Medicrime Alert Africa Project
Medicrime Alert International and its lead partner at the University of Notre Dame will pioneer a new approach in the fight against the proliferation of bad quality medicines. The developing world suffers from ineffective national regulatory bodies, the lack of cohesive auditing strategies, absent policies, corruptible institutions, and high rates of illiteracy. These factors create an atmosphere of carte blanche that contributes to the proliferation of medicrime. Current solutions include creation of new supply chains (e.g., PEPFAR and the WHO pre-qual program), but the proliferation of controlled supply chains does not address the large volume of medicine sold outside that system and itself creates inefficiencies and opportunities for corruption. Our goal is to set into place a global system that can quickly detect and remove poor quality medicines that harm the most vulnerable patients and damage public health. The key elements of the project are:
- Field screening of all essential medications and medical devices at the market level,
- Dissemination of information to help countries, companies, and consumers choose good quality medical products at every step of the supply chain, and
- Development of national and international legal standards and regulatory capacity to discourage and punish medicrime.
The project will access expertise from several disciplines, including but not limited to statistics, policy and regulation, regulatory affairs, quality assurance, good manufacturing practice, and quality control. It will also involve data collection from various destinations within and outside Africa, strategically identified as countries of origin, transit, or destination. Also, countries noticeably taking compliance steps will be visited to investigate the efficacy of the steps taken. All this will be undertaken using Ghana and Nigeria, two of he biggest economies in Africa and also two of the hotspots for medicrime on the continent as pilot nations.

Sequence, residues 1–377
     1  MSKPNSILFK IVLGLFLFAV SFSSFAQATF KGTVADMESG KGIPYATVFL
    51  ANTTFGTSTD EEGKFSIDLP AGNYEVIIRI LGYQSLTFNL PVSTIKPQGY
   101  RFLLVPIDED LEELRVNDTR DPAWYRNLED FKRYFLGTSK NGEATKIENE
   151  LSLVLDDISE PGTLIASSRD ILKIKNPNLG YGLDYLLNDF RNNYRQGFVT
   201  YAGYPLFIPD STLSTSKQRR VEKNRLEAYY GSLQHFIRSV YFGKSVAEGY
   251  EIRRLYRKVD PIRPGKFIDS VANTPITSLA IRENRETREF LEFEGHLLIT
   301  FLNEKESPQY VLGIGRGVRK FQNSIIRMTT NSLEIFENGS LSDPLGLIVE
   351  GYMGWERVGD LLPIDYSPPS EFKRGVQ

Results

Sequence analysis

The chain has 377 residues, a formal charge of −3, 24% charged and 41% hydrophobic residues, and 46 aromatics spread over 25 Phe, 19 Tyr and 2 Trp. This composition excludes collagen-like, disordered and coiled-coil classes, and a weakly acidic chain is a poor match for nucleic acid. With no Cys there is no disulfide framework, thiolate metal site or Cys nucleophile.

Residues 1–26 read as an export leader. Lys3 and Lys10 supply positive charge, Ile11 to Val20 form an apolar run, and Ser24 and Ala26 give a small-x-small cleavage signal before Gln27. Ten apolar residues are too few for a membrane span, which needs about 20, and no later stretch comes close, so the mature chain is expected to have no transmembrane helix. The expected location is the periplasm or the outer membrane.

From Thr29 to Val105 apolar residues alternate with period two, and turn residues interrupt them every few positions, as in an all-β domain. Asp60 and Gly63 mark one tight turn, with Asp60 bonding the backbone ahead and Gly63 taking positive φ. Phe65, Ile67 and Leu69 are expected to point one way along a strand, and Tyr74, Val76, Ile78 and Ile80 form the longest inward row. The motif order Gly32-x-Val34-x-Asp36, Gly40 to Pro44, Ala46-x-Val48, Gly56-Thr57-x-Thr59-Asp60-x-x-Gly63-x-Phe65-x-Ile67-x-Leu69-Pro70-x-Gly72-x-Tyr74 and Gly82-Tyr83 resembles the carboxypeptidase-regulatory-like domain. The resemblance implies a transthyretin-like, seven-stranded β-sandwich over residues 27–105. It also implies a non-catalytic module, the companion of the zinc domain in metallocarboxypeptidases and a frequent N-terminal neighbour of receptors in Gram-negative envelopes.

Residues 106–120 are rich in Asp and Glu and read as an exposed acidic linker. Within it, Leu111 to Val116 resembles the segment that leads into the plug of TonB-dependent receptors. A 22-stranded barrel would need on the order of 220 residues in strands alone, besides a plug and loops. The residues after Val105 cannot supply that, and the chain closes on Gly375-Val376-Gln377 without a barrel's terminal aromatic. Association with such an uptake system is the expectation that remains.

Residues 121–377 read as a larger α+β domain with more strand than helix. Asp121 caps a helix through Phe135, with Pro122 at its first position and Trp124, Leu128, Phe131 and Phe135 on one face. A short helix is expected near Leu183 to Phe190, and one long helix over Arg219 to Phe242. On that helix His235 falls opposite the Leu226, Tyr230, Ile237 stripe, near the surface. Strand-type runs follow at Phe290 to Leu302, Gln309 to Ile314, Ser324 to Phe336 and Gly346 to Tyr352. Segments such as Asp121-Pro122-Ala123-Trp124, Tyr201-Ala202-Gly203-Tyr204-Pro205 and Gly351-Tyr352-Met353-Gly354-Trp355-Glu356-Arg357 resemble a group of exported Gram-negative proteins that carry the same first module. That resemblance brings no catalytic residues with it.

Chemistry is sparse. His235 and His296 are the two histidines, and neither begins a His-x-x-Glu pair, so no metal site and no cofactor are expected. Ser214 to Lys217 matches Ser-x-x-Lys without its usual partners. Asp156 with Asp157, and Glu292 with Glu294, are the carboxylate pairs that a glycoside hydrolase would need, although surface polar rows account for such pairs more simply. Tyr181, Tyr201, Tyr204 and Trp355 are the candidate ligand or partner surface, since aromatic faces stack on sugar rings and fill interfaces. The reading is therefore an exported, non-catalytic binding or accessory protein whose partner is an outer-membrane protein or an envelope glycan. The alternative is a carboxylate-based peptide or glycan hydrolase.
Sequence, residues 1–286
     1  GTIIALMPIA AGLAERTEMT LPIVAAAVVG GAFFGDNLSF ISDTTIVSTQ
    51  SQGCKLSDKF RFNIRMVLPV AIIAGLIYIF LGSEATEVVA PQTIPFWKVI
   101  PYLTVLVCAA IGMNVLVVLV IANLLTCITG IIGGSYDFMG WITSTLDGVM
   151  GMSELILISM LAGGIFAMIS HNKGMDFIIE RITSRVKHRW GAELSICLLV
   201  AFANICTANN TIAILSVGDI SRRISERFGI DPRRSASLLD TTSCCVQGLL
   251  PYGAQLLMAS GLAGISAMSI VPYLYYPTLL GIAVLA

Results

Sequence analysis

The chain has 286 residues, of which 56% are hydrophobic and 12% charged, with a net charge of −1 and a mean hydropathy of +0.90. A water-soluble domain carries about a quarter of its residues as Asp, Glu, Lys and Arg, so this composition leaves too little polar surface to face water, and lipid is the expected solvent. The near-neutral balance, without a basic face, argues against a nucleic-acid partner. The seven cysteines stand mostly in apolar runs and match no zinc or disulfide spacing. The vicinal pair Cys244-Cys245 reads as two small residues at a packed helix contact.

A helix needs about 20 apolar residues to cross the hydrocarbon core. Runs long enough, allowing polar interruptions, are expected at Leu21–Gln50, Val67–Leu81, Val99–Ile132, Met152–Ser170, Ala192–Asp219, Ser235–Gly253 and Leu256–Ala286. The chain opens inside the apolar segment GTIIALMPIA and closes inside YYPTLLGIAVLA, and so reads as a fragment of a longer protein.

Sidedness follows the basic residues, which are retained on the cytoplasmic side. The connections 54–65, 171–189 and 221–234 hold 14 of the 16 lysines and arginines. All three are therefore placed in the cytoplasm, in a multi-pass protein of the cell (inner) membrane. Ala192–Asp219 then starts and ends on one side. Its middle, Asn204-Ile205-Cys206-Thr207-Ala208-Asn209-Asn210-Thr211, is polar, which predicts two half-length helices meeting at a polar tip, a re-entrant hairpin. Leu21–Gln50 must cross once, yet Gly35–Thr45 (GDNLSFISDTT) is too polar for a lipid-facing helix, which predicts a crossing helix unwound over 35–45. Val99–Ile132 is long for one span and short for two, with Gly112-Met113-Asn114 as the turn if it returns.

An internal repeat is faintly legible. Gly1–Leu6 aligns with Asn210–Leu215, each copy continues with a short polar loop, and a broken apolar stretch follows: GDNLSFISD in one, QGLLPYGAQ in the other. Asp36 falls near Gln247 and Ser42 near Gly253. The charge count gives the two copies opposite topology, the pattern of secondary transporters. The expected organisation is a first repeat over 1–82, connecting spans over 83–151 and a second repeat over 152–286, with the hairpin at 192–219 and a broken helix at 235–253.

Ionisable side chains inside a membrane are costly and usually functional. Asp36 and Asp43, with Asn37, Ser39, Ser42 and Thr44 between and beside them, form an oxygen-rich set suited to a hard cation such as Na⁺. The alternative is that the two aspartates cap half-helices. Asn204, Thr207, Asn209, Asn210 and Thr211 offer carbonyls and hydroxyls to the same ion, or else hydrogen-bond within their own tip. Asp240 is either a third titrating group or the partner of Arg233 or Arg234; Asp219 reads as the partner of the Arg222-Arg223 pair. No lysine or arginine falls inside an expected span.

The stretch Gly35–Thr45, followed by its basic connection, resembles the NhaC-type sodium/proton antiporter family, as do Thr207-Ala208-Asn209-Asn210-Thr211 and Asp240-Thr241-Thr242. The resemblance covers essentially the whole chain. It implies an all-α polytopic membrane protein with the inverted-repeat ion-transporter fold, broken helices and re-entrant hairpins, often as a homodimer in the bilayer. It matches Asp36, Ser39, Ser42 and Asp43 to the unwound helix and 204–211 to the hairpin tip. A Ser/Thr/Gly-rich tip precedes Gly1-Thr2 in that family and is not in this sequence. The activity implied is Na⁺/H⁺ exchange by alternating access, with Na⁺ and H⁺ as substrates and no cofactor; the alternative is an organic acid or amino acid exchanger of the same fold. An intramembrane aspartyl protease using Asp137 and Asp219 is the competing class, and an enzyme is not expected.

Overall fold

The objective of this project is to develop cohesive strategies for continent to continent starting with Africa to combat medicrime. The study will embrace effective practices from other regions while recognizing that this public health threat cannot be combated with a one-size-fits-all approach. Furthermore, a proposal will be made to the African Union (AU) for perpetuators of the crime to be prosecuted as with any major criminal activity instead the issuance of derisory fines which serve as no deterrent whatsoever considering the profit margins of the trade.
The specific aims/objectives of the project are:
- Train health care workers, pharmacists, business people, educators, civil society activists and journalists to recognize problems that can be caused by poor quality medical products. Develop active and passive reporting systems using the cell phone system and social media and educational activities and materials.
- Conduct systematic post-market screening of the 343 WHO essential drugs in every LMIC. New technologies developed specifically for use in low-resource settings will be implemented to make this large scale screening possible.
- Develop capacity for confirmatory analysis, including regional pharmaceutical analysis centres which offer masters-level training programs for analytical technicians and instrument maintenance and repair technicians, and support for academic researchers and advanced research facilities in analytical chemistry.
- Understand pharmaceutical supply chains, from manufacture to marketplace. We want to develop tools and metrics that will enable countries and international organizations to track the flows of medicine and money.
- Develop guidelines and guidance for creating an effective regulatory and legislative policy based on best practices. For example, many countries lack criminal statutes for prosecuting types of medicrime.
- Develop a model framework for better cooperation between health authorities, regulatory agencies, and police at all levels
- Raise awareness through positive communication avoiding scaring people.
- Discourage the public from purchasing medicines via illegal distribution channels
- Train healthcare professionals to communicate the counterfeit medicines risk to patients
- Consider counterfeit and substandard medicines in the supply chain systems to survey medicines’ safety on the market
- Enable the traceability of a medicine to patient level